Wine tourists are a growing sector of the travel industry with more and more people seeking out both foreign and local experiences that will allow them to visit wine regions rich in profiles, history, and stories.
Sipping wine, discovering emerging regions, talking with experts, discovering something new, pairing a delicious glass of vino with its perfect food match – these are just some of the joys of wine tourism, a popular travel choice for which Italy is well-known.
So what is the profile of the typical wine tourist coming to Italian wineries? They are visitors who love food and wine, are curious about the reality they visit, have a high average spending power, and often have a good network of acquaintances that encourages other visitors by word of mouth.
Divinea’s Survey on Wine Tourism
This is what emerges from the “Report Enotourism and Direct-to-consumer Sales 2023” prepared by the technology firm Divinea, which offers interesting insights into the evolving world of wine and understanding the real opportunities of direct sales and wine tourism through the analysis of data and market trends.
Who Are the New Wine Tourists?
Along with food tourism, wine tourism makes up an important part of today’s travelers. Above all, they tend to be expert wine lovers and sommeliers, who, with their testimony and endorsement, can bring prestige to the winery. Romantic couples are the third most popular group of wine tourists, as confirmed by the fact that picnics and romantic dinners are among the most popular experiences, especially on anniversaries such as birthdays and Valentine’s Day.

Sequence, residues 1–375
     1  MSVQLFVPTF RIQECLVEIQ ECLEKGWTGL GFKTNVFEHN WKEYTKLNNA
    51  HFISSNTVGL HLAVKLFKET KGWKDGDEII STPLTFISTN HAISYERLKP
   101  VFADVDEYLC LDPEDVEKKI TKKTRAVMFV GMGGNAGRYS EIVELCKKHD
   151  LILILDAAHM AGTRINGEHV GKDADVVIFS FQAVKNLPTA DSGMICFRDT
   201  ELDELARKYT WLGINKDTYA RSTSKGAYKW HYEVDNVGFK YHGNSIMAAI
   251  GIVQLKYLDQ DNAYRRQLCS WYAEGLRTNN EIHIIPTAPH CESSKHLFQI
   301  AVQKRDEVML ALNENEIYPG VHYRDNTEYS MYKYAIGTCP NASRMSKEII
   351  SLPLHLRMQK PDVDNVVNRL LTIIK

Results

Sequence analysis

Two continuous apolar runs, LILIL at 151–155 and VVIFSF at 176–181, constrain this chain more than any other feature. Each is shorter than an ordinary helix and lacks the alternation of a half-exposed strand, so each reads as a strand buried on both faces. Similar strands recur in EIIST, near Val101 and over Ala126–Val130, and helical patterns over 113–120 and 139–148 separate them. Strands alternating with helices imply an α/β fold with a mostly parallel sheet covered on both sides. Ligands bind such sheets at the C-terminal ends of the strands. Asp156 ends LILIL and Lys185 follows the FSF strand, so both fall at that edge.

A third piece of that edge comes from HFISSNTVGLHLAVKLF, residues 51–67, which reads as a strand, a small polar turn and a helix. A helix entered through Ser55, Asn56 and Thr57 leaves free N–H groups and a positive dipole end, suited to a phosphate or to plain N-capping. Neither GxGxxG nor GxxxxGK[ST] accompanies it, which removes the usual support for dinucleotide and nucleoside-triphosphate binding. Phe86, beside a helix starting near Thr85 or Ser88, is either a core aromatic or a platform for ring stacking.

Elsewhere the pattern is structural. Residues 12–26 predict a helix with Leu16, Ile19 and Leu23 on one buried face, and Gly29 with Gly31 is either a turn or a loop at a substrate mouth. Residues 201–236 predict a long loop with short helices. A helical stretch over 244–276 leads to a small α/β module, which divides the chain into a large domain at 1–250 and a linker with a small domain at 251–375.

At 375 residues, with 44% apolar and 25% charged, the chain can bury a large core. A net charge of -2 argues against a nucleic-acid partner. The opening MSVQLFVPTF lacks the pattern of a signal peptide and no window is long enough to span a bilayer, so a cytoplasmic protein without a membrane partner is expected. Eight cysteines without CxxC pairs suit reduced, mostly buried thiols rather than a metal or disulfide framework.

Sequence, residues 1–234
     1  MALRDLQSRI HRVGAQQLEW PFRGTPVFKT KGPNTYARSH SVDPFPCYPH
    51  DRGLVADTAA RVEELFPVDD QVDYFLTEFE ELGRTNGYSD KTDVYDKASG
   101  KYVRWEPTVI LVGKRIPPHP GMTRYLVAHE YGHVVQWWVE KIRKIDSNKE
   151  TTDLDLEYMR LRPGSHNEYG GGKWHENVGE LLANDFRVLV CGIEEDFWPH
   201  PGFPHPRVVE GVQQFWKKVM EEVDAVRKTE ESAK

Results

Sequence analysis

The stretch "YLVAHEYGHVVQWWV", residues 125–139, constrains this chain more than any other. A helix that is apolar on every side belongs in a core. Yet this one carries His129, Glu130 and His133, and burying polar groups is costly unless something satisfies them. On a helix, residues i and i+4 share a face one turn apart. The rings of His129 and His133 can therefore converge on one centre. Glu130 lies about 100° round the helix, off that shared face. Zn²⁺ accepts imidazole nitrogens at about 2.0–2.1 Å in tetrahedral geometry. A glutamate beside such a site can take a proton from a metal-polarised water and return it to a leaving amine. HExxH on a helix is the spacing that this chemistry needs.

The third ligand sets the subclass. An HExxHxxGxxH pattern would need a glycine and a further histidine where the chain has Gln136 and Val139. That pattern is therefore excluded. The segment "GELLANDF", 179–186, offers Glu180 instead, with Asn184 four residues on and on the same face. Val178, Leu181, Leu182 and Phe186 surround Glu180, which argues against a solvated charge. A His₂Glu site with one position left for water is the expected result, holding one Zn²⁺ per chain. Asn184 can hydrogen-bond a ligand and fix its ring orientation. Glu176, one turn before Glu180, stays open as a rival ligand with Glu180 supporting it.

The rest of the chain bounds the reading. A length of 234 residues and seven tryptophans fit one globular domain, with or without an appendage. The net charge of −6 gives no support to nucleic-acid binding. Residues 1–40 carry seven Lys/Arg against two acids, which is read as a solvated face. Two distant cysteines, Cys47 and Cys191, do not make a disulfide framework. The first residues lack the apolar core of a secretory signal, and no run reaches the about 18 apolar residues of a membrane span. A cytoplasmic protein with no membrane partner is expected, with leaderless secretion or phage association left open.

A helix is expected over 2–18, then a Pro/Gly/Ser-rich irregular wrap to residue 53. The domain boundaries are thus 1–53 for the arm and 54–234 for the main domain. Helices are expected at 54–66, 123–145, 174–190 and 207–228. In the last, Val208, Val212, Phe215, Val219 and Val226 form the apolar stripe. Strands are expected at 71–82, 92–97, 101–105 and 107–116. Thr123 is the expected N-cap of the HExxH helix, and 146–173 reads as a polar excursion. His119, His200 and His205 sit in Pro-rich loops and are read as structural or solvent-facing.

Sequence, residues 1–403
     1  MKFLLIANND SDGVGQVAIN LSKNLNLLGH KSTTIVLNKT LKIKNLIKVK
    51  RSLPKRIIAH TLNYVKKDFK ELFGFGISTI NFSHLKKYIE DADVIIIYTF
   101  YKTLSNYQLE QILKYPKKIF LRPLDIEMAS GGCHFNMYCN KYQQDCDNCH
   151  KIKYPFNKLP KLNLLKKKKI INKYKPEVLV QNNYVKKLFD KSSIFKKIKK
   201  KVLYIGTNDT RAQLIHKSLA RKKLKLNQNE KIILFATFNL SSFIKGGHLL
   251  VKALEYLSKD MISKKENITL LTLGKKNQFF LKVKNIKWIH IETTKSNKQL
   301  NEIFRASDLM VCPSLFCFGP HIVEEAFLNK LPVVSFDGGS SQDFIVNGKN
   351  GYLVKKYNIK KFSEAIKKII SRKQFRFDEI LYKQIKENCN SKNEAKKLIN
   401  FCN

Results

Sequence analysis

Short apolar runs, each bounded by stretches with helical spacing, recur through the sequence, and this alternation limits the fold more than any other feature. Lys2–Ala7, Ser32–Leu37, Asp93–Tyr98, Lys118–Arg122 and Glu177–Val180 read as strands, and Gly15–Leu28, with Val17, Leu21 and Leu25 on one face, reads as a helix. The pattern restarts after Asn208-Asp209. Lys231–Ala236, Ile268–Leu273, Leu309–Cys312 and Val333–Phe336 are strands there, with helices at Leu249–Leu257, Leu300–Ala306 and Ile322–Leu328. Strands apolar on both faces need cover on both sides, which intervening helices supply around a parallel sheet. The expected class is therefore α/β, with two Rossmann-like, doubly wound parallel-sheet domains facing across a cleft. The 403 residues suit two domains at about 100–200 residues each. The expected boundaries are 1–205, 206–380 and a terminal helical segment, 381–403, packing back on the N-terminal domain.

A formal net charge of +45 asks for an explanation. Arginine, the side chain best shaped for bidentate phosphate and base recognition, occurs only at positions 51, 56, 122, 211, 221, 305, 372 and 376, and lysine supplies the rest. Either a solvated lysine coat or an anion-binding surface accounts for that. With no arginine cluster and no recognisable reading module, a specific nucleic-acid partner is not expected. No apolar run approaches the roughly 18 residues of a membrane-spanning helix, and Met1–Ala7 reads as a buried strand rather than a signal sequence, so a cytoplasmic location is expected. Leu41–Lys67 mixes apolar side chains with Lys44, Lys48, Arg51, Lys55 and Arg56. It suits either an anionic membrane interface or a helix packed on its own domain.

“Wine tourism is experiencing on a high note and confirms the trend of experiential research by travelers,” explains Roberto Villa, CMO and Digital Expert at Divinea. “In this context, wine estates need to get to know their customers through data collection in order to create wine tourism proposals that always live up to expectations.
According to Divinea’s data, in addition to the wine tourist, wine lover, sommelier, and romantic couple, the identikit of the wine tourist has other important declinations.
In fourth place are foreign visitors, who are returning after the global health emergency. The number of foreigners has probably dropped compared to pre-Covid years but, in qualitative terms, they remain a valuable pool with high spending power, tending to purchase significant quantities of wine.
In fifth place enter the newbies, and more and more wineries are adapting their communication to approach people curious to discover for the first time what is behind a bottle of wine. In sixth place are athletes who combine the beauty of grape-growing areas with visits to wineries, especially those equipped to meet their needs with dedicated proposals and facilities with the necessary services.
In seventh place are families, who, especially on weekends and during the summer season, choose to spend a family day at the winery or devote proximity tourism to the visit. In eighth place is the casual tourist who does not plan a visit, while in ninth place are visitors with pets who reward wineries that take care of animals.
Finally, in last place is the repeat visitor or people who have had a positive experience at a winery and are the best candidates to become ambassadors of a wine brand.